Scanning Electron Microscopy (SEM)
Samples (dough and bread) were frozen and dried, and then fractured manually by using the tip of a razor blade and coated with gold. A JEOL JSM6300 scanning electron microscope (JEOL, Tokyo, Japan) was used to observe the samples at 15 kV at RT. SEM pictures at 1000x and 3000x magnifications were taken to the newly exposed surface of each sample. Samples from lines D894 (reduced gliadin content), E82 (reduced gliadin and low molecular weight (LMW) glutenin content), and the wild type BW208 were analyzed.
G12 Competitive ELISA
Gluten proteins were extracted according to the manufacturer’s instructions using Universal Gluten Extraction Solution UGES (Biomedal SL, Seville, Spain). Maxisorp microtiter plates (Nunc, Roskilde, Denmark) were coated with Prolamin Working Group (PWG) gliadin solution and incubated overnight at 4°C. The plates were washed with PBS-Tween 20 buffer and blocked with blocking solution (phosphate-buffered saline (PBS)-5% non-fat dry milk) for 1 h at RT. Different dilutions of each sample as well as standard solution of PWG gliadin were made in PBS-bovine serum albumin 3%, to each of which was added horseradish peroxidase–conjugated G12 mAb solution. The samples were pre-incubated at RT and added to the wells. After 30 min of incubation at RT, the plates were washed, and 3,3′,5,5′-tetramethylbenzidine (TMB) substrate solution (Sigma, St. Louis, Missouri, USA) was added. After 30 min of incubation at RT in the dark, the reaction was stopped with 1 M sulfuric acid, and the absorbance at 450 nm was measured (microplate reader UVM340, Asys Hitech GmbH, Eugendorf, Austria). Results were expressed in parts per million (ppm) in dry matter for the flour, and in a 35% humidity basis for the bread loaves. In order to estimate the total gluten content the results obtained were multiplied by two. Data were obtained from three independent experiments with samples run in triplicate.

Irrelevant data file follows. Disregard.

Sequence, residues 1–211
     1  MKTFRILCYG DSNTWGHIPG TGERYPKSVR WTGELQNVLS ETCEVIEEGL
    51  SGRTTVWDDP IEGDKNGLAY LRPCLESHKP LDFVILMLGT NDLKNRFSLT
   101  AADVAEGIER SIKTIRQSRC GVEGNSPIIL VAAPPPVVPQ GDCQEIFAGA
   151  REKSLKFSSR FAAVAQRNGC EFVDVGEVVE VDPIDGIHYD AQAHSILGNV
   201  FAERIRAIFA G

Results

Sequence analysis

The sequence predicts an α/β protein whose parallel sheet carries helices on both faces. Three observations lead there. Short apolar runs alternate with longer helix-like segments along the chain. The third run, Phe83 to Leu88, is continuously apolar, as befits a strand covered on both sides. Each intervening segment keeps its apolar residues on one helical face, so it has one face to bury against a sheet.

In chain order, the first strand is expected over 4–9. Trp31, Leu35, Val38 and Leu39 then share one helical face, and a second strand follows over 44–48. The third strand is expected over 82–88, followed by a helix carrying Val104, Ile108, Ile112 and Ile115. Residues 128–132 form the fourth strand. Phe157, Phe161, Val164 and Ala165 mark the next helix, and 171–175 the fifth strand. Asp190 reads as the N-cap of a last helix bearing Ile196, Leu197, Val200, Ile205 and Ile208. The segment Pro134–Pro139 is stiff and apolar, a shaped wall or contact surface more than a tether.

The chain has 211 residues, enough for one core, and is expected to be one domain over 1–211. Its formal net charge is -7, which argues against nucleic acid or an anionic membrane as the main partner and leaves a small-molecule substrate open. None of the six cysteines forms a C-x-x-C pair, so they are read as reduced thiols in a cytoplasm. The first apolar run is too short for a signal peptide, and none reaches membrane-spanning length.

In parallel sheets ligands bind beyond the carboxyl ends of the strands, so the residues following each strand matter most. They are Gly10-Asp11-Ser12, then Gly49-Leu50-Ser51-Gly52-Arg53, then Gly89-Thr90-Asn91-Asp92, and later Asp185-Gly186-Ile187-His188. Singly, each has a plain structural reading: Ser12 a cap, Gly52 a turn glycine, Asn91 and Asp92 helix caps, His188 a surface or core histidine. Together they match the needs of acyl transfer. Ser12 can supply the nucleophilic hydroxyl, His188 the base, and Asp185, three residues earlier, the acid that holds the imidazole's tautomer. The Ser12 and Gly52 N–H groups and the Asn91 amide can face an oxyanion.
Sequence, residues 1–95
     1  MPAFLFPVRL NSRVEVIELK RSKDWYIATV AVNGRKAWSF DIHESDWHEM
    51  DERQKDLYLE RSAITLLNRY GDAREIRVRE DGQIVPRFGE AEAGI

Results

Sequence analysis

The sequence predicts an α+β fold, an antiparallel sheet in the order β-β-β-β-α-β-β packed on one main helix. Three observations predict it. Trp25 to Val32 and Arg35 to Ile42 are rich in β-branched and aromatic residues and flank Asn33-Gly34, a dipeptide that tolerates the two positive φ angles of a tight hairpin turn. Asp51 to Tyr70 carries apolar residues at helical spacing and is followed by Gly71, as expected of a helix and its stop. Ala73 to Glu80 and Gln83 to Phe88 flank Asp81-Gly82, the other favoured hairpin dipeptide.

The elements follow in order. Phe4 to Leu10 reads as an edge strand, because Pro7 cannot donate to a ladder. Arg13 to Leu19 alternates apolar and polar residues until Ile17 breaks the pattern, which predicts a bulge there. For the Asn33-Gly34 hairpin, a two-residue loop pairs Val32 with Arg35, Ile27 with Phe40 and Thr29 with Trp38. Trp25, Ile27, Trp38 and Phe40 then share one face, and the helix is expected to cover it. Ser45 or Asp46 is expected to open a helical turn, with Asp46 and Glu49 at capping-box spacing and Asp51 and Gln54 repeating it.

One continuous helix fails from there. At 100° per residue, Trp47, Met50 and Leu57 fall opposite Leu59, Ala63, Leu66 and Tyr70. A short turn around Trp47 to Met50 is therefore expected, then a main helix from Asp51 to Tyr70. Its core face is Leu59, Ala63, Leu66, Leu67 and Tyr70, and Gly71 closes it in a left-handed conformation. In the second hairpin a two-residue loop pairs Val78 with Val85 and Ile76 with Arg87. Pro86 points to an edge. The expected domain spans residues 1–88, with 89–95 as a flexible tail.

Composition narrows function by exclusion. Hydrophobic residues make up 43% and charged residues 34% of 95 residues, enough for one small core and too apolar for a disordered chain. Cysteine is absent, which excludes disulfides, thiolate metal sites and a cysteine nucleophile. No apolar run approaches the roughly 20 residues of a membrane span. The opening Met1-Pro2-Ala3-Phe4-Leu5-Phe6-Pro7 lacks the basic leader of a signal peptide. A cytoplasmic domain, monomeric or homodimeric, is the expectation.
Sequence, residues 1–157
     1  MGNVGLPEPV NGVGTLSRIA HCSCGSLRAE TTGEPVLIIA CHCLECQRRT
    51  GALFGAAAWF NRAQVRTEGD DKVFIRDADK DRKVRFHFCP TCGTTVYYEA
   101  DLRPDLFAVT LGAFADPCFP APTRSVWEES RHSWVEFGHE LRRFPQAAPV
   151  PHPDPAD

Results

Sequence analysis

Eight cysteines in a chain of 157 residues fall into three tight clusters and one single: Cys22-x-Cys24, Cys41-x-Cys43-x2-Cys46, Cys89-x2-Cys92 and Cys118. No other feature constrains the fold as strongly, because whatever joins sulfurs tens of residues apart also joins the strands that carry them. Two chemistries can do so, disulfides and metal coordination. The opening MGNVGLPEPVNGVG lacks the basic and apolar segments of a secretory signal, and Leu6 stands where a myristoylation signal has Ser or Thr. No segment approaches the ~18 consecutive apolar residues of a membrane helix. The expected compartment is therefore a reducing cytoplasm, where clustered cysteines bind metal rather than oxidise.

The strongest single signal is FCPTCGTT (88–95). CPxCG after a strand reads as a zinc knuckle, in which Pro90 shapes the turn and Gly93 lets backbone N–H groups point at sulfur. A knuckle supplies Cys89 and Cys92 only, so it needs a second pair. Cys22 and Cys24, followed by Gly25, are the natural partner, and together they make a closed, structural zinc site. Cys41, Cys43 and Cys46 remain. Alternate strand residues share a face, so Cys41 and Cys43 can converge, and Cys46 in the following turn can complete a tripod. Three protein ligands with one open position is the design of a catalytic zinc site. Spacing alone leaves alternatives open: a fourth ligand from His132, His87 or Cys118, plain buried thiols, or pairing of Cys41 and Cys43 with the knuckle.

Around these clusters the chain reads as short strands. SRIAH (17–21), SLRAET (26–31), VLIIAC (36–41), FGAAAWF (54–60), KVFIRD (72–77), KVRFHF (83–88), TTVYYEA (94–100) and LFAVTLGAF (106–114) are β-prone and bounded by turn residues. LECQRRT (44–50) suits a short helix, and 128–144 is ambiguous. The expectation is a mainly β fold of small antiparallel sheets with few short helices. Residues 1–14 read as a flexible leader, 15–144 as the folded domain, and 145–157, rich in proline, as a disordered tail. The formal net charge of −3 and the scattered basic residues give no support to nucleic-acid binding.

Data were analyzed with the statistical software R version 2.12.1  using the Graphical User Interface (GUI) R Commander. Major assumptions of analysis of variance (ANOVA) were confirmed by the Shapiro-Wilk’s test for normal distribution (function ‘shapiro.test’, package stats), by the Levene’s test for homocedasticity (function ‘leveneTest’, package car) and the Ramsey’s regression equation specification error test (RESET) for linearity (‘resettest’; package lmtest), and variables were transformed if required. The statistical analysis between the different lines was carried out by using the analysis of variance (ANOVA) model ‘Variable ∼ Line+Block’ (function ‘aov’, package agricolae), followed by Tukey’s Honestly Significant Difference (HSD) post hoc all-pairwise comparison test (function ‘HSD.test’, package agricolae). In all the statistical analyses P values lower than 0.05 were considered significant.
The differences of the amino acids contents between the control and the low-gluten lines were assessed using the ANOVA model ‘Variable ∼ Block+Line’ with the function ‘lm’ (package stats). Mean comparisons were carried out by Dunnett’s post hoc multiple-comparison test (function ‘glht’, package multcomp). The box-and-whisker plot was plotted with the function ‘boxplot’ (package graphics).
Results and Discussion
Physical Characterization of reduced-gliadin Bread